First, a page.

September 7, 2013
The Wisdom Fund
An Attack on Syria Neither Lawful Nor Just
According to the Charter of the United Nations:
No State or group of States has the right to intervene, directly or indirectly, for any reason whatever, in the
internal or external affairs of any other State. Consequently, armed intervention and all other forms of
interference or attempted threats against the personality of the State or against its political, economic and
cultural elements, are in violation of international law.
The Catholic church's criteria for a Just War:
The strict conditions for legitimate defense by military force require rigorous consideration. The gravity of such
a decision makes it subject to rigorous conditions of moral legitimacy. At one and the same time:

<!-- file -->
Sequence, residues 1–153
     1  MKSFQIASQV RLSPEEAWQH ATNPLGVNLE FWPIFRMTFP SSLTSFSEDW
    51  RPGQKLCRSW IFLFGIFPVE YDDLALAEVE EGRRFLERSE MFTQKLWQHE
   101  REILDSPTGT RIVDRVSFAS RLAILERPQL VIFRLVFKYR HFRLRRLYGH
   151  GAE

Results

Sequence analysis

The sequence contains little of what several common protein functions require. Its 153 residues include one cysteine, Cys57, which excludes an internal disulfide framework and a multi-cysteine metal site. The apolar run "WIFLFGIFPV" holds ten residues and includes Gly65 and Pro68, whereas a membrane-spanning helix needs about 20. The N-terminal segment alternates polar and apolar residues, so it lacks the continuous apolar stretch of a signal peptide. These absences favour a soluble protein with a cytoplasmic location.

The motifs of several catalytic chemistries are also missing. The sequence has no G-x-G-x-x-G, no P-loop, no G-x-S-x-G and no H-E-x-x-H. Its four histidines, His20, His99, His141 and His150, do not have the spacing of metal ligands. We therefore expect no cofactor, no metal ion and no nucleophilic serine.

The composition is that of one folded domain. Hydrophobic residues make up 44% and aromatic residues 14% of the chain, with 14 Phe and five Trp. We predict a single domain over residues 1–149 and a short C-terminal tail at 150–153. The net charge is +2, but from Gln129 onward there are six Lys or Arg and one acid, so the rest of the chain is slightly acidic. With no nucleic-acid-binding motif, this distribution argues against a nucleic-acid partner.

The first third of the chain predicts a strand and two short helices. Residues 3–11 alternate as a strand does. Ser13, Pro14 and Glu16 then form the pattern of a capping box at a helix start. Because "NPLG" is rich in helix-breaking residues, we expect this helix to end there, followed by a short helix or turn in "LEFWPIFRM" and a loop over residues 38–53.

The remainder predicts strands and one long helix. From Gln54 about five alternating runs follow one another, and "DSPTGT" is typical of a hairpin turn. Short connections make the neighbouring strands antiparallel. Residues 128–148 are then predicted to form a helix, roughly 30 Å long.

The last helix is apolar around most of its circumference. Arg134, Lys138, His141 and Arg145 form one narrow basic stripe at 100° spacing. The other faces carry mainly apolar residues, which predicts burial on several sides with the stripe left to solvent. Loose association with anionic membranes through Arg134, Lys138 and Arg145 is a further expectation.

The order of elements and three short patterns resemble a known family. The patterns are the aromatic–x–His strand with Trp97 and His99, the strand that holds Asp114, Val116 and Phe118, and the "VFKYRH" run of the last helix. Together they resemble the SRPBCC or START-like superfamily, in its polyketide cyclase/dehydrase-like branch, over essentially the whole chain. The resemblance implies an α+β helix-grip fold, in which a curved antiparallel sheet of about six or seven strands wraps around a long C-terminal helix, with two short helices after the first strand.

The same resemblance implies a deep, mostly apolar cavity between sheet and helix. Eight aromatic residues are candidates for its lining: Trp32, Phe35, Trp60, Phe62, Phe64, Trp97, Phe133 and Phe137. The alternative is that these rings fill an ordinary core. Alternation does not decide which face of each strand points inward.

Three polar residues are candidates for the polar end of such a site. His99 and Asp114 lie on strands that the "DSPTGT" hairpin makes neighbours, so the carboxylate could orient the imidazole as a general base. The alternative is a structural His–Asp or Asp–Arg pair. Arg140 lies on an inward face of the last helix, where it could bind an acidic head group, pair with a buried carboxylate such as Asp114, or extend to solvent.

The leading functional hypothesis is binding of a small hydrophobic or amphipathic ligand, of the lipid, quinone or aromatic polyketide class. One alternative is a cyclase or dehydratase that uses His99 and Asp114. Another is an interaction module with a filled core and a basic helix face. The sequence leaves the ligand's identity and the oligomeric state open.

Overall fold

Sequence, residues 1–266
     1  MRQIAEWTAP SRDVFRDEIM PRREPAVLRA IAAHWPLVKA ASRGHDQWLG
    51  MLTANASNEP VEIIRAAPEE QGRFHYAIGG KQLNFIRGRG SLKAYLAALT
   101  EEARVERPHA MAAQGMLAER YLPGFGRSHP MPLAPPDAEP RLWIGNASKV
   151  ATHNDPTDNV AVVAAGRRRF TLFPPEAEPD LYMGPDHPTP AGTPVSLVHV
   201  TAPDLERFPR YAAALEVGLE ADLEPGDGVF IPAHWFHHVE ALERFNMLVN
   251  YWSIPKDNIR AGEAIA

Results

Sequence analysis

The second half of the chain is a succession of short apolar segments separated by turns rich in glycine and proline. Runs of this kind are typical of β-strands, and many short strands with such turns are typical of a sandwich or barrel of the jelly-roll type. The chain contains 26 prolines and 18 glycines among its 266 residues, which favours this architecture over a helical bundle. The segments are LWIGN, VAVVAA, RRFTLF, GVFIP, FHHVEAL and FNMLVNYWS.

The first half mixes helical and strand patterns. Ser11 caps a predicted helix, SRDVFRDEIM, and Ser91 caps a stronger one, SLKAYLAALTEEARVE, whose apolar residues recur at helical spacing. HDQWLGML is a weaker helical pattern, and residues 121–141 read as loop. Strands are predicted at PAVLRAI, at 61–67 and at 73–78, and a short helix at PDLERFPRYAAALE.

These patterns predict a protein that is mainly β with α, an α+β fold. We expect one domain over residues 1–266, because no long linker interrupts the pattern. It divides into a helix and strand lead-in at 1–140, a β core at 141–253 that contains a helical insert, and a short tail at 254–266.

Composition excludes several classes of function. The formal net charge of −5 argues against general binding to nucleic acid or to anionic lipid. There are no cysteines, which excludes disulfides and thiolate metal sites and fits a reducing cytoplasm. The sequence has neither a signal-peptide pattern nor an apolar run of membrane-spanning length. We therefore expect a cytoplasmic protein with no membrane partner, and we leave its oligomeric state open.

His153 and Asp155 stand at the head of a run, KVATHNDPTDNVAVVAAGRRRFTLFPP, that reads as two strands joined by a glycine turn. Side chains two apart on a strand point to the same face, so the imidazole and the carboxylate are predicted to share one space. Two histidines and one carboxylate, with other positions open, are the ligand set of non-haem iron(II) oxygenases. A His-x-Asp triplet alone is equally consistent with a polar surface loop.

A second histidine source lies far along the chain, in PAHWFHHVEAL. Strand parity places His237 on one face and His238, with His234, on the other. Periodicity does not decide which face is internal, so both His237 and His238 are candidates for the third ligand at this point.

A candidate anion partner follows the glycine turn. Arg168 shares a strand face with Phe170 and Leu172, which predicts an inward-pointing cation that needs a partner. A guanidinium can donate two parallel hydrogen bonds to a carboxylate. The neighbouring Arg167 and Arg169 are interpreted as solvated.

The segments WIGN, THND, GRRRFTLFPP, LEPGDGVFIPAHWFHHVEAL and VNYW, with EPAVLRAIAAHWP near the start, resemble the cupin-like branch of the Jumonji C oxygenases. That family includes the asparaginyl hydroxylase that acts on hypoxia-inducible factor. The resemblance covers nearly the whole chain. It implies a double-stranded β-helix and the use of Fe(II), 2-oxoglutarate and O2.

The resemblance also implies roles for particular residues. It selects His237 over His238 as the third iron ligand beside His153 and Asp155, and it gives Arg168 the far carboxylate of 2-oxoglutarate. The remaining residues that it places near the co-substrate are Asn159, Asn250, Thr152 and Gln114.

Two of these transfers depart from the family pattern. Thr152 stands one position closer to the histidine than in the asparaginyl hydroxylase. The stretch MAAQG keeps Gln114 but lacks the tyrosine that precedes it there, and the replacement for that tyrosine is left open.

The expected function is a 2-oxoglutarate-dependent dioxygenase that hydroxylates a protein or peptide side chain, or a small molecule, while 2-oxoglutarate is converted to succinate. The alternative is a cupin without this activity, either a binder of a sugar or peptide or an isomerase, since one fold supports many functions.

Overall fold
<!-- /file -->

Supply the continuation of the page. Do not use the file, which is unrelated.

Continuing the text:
According to University of California professor Huston Smith, author of The World's Religions: "The Koran's definition of
a Holy War is virtually identical with that of a Just War in the Canon Law of Catholicism."
- the damage inflicted by the aggressor on the nation or community of nations must be lasting,
grave, and certain;
- all other means of putting an end to it must have been shown to be impractical or ineffective;
- there must be serious prospects of success;
- the use of arms must not produce evils and disorders graver than the evil to be eliminated.
The UN High-level Panel on Threats, Challenges and Change defined
terrorism as any action intended to cause death or serious bodily harm to civilians
or non-combatants with the purpose of intimidating a population or compelling a
government or an international organisation to do, or abstain from, any act.